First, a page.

Reaction: Judge reverses block on LGBT religious objections law

Reaction: Judge reverses block on LGBT religious objections law

PINE BELT (WDAM) - A federal appeals court ruled Thursday that Mississippi may be able to start enforcing a law that will let merchants and government employees cite religious beliefs to deny services to same-sex couples.

Governor Phil Bryant said HB1523 was designed to protect three specific religious beliefs: marriage is between a man and woman, no sex outside of such marriage and a person's gender is determined at birth.

Thursday's decision has some LGBT advocates in the Pine Belt frustrated over what they call discrimination.

"Personally, I was devastated, the other members of the Spectrum Center Executive Board were likewise, very disheartened by the ruling."

"As a people, it feels like Mississippi is not really being the hospitality state to us," said Vine.   "When I go out to a business, I expect to receive good service. That's what a free market society is all about.  Mississippi seems to be telling me and other LGBT people that's not necessarily the case, your mileage may vary."

Joshua Generation MCC Pastor Brandiilyne Mangum-Dear, a plaintiff on the brief, along with the congregation,  said she is disappointed in the court's decision.

"Our congregation has faced hatred, injustice and bigotry simply because someone decided their religious beliefs trump ours. We were forced to implement stricter security protocols in the wake of the initial passage of this bill and can only imagine those protocols will become even more stringent due to this decision," said Mangum-Dear.  "This bill protects ignorance and bigotry while we must protect ourselves from those who will be empowered by it."

Mangum-Dear said when the bill initially passed in July of 2016, there were threats outside the church.

"We had to put guards in front of our church after the bill initially passed because there was a truck with a swastika parked across the street and just this week the Christian Knights of the KKK distributed fliers throughout the Hattiesburg area," said Magnum-Dear.  "Today's ruling leaves us more exposed, so we will have to be more vigilant than ever before to protect our church, our families and our dignity."

Mississippi leaders also made statements in response to the ruling Thursday:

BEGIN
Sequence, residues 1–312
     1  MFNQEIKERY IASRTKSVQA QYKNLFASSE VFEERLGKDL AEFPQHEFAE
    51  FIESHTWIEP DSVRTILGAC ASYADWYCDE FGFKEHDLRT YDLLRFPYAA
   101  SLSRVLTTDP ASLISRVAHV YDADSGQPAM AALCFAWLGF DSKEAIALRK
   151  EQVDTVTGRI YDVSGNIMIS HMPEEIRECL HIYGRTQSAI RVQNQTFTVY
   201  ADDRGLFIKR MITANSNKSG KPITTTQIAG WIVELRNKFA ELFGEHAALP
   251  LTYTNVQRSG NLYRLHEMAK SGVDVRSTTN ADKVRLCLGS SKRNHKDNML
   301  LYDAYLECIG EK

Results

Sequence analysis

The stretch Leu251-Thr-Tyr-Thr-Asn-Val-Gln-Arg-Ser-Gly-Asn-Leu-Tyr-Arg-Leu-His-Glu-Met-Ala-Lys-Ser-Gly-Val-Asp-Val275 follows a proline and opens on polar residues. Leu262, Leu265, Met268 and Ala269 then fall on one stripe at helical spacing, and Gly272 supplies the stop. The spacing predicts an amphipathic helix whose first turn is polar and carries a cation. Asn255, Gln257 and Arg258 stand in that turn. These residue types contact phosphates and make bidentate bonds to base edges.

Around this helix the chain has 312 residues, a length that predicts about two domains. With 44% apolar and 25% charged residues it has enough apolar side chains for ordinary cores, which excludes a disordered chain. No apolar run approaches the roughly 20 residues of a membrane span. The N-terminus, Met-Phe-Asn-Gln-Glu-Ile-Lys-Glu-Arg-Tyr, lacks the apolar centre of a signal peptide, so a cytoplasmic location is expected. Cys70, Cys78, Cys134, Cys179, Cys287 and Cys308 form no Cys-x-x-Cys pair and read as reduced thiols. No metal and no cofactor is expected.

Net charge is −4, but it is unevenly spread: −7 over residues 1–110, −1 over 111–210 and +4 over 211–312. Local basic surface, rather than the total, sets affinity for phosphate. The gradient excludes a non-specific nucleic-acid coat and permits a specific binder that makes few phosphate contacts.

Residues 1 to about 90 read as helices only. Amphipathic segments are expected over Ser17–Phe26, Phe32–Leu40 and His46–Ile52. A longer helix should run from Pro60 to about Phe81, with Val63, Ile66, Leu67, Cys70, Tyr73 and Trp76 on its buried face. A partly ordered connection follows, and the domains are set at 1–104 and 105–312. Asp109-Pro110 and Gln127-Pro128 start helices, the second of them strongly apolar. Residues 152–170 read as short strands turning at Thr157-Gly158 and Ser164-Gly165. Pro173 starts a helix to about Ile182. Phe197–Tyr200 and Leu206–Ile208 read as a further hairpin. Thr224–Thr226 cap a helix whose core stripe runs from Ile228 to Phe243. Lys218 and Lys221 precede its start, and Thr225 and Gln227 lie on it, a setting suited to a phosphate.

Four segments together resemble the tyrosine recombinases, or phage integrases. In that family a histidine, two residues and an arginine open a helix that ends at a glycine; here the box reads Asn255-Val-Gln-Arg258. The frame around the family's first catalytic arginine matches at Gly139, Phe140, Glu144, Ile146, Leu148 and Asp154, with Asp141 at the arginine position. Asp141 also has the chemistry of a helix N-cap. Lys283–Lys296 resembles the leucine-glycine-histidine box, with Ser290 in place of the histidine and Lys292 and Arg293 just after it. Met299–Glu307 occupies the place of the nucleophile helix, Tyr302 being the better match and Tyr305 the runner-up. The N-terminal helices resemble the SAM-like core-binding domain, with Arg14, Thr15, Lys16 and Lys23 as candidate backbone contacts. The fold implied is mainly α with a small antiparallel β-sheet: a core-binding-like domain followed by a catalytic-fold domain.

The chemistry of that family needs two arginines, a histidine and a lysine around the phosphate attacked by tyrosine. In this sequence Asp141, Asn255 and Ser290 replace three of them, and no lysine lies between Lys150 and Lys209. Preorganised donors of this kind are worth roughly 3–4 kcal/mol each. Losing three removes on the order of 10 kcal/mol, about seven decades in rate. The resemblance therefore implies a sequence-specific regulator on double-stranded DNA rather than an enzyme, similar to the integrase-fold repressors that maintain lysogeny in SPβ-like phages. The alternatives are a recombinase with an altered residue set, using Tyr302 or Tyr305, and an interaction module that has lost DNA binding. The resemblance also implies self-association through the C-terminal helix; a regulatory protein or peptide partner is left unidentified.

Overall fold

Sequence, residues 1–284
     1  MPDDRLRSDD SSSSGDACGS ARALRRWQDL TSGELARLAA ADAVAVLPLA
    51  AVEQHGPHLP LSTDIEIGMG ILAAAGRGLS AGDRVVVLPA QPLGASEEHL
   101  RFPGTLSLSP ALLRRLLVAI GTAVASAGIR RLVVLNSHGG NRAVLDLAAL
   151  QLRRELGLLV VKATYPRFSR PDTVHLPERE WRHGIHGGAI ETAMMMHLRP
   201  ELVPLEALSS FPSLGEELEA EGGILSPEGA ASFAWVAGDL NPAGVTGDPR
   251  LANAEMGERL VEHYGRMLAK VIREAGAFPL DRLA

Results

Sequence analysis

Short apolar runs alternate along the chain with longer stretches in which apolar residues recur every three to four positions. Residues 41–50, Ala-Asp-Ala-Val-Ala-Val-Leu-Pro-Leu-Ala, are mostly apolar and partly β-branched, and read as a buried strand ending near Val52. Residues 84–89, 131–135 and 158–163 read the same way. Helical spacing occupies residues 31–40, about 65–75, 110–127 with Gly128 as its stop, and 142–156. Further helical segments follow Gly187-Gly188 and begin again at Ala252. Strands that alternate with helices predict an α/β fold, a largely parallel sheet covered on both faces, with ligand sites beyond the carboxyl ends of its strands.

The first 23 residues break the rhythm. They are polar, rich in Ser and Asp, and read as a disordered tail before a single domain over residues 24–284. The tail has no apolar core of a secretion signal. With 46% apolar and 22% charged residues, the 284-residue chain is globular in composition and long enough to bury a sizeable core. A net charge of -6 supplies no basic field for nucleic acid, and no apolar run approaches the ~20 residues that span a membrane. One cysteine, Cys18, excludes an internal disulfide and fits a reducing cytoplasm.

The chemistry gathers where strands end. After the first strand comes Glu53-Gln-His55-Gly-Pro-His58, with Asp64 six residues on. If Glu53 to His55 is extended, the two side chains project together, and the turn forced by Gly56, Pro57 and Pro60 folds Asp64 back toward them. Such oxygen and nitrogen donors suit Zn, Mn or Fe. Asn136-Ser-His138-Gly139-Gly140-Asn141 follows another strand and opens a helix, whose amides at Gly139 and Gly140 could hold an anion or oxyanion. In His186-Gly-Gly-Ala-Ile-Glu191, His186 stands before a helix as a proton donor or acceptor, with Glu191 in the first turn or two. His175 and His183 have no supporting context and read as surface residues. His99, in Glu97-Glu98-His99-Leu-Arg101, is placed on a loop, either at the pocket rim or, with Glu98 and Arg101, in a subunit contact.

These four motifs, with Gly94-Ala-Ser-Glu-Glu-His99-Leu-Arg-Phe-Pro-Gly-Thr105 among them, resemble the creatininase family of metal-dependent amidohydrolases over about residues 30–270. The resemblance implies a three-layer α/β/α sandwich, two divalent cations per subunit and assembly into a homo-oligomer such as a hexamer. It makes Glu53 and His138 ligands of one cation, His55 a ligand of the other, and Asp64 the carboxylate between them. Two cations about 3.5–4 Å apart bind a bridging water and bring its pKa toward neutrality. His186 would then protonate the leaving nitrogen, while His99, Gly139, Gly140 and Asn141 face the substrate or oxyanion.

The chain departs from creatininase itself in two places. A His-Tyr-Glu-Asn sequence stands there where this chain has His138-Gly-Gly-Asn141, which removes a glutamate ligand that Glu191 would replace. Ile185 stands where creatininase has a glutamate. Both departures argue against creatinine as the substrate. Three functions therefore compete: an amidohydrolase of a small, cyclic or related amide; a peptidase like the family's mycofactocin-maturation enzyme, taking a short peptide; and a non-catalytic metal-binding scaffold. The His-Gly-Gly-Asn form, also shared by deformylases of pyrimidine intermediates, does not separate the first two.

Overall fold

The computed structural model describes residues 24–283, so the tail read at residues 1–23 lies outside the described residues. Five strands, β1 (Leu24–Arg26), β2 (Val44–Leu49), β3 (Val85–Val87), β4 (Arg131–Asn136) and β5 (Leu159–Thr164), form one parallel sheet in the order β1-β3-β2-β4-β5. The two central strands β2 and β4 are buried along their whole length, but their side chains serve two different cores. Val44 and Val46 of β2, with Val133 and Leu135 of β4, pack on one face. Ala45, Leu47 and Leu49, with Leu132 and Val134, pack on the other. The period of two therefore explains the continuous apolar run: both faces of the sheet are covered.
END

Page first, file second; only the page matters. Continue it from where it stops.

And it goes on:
"I am pleased the Fifth Circuit has ruled to dismiss the case and allow House Bill 1523 to become law.  As I have said all along, the legislation is not meant to discriminate against anyone, but simply prevents government interference with the constitutional right to exercise sincerely held religious beliefs."

- Governor Phil Bryant, (R)

"House Bill 1523 simply protected Mississippians from government interference when practicing their deeply held religious beliefs, and I appreciate the Fifth Circuit clearing the path for this law to take effect."

- Lt. Gov. Tate Reeves

"Today I feel like the Fifth Circuit panel issued an opinion that is a victory for the first amendment and religious freedom in Mississippi.  This law was never intended to discriminate against anybody, but what we are trying to do is making sure we protect individuals that are practicing, making sure they can't be forced to participate in a religious-related activity that violates their faith.  I think the bill was narrowly-tailored to do that and I think the Fifth Circuit panel recognized that.  I do expect the full panel will take up the issue on the Fifth Circuit and I am confident they will likewise rule the ACLU doesn't have any standing to pursue this claim, nor can they prove any injury which is a requirement to pursue these challenges."

- Representative Brad Touchstone, (R) District 101 - Lamar

According to the Campaign for Southern Equality, plaintiffs in Campaign for Southern Equality v. Bryant III will immediately appeal this ruling, seeking review by the full 5th Circuit.  The groups said the three-judge panel did not rule on the merits of the law itself. The opinion reverses Judge Reeves's lower court decision granting a preliminary injunction. However the preliminary injunction will not be lifted - and HB 1523 will not go into effect - until the formal mandate of the Court of Appeals issues on or around July 13.

According to 2016 data by the Williams Institute at the U.C.L.A. School of Law, Mississippi is home to 60,000 LGBT adults and an estimated 11,400 transgender youth and adults.   The state is also home to 3,500 same-sex couples, 29 percent of whom are raising children—the highest rate in the nation.